In the case of Union of India v. Ananto (Dead) and Anr. it was held that Lok Adalat can help in the settlement of disputes between the part either through the way of compromise or settlement. A ‘compromise’ is always a bilateral decision based on means of mutual adjustment, on the other hand ‘settlement’ is based on the termination of legal proceedings by the same of mutual consent.
Establishment of Permanent Lok Adalat (Section 22b)
Section 22B of LSAA, 1987 provides that every Permanent Lok Adalat that is established for an area should consist of
- Any person who is or has been a district judge or any judicial officer higher rank than any district judge.
- Two individuals who have adequate experience in public arenas that is to be nominated by the central government or appointed by the central authority.
According to Section 22 of the Act, the powers of the Lok Adalat, as well as Permanent Lok Adalat states that both enjoy the powers in respect to the following matters, namely-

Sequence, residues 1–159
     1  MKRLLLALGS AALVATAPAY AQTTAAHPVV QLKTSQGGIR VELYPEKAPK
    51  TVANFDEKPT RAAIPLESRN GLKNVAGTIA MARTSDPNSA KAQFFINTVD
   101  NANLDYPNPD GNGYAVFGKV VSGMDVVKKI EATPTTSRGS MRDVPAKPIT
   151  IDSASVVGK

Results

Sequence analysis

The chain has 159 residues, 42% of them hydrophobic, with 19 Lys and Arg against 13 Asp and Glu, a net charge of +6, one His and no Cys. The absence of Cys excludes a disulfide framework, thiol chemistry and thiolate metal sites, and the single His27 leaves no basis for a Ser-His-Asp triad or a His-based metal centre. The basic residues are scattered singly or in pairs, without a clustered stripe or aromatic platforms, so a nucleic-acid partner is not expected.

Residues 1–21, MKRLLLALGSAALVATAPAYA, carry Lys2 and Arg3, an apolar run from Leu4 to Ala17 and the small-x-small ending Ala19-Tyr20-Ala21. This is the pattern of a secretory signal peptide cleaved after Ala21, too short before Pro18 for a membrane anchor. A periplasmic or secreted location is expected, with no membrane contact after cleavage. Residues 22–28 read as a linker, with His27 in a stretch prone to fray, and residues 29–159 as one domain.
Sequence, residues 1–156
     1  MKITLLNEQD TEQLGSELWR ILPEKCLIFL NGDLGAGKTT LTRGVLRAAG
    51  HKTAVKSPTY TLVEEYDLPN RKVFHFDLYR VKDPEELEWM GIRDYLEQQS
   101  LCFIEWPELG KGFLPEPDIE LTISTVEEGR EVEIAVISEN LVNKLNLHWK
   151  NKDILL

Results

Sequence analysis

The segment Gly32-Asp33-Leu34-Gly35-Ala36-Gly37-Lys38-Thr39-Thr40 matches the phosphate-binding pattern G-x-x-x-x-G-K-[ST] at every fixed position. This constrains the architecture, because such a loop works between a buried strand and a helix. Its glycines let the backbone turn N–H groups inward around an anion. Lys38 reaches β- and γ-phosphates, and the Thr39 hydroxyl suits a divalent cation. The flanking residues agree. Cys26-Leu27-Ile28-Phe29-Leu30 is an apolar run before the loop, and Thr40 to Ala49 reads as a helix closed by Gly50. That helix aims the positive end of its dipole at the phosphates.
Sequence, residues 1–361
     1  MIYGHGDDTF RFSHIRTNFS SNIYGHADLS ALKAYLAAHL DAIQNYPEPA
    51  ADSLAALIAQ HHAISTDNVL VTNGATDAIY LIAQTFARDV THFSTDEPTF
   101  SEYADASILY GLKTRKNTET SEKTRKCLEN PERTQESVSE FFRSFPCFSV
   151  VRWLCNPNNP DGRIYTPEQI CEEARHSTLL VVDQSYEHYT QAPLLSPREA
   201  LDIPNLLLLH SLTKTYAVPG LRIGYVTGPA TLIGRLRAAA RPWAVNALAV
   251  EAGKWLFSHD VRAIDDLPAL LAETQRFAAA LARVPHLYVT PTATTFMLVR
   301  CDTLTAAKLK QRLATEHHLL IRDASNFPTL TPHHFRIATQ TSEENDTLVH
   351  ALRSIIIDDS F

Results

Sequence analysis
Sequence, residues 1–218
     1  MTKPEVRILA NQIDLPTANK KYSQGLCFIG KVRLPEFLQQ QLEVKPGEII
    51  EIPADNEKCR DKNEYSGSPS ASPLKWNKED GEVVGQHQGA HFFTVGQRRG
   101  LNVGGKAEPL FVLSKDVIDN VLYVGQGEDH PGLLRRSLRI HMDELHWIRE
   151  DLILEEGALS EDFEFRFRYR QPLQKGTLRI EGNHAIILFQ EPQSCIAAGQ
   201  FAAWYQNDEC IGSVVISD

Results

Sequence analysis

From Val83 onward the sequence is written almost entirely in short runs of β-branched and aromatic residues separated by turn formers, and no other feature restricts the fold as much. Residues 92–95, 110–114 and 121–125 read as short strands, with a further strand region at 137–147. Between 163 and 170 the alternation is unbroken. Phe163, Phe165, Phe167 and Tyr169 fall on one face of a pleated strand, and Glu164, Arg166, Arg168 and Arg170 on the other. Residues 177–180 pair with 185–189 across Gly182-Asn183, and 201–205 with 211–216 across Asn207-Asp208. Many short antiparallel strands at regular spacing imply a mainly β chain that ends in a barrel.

- Summoning the attendance of any witness.
- The production of any documents related to the case.
- Receipt of evidence on an affidavit
- And other matters which are prescribed by the court of law
For Section 195 and chapter XXVI of CrPC, 1973 the same shall be deemed to be Civil Court.
In the case, Abdul Hasan v. Delhi Vidyut Board the court while dealing with the case held that there is so much need of Permanent Lok Adalat in India because of the huge pendency of cases that are already piled up before the court. The situation is even worse when we talk about the compilations of supporting staff and equipment to be dealt with in a matter. Thus, the need for a permanent system that is also cheap, and best is required to instill the principle of equality under Article 14 of the Indian constitution.
First E-Lok Adalat In the Country
In the purview of the financial crisis and restricted judicial services during this Novel Coronavirus Era, the Indian government resorted to having an E-Justice delivery system throughout the country that through a mechanism that is cheap and best and thus conducted through video conferencing. On 22nd August 2020 Rajasthan Legal Service Authority organized its first E-Lok Adalat via video and audio conferencing.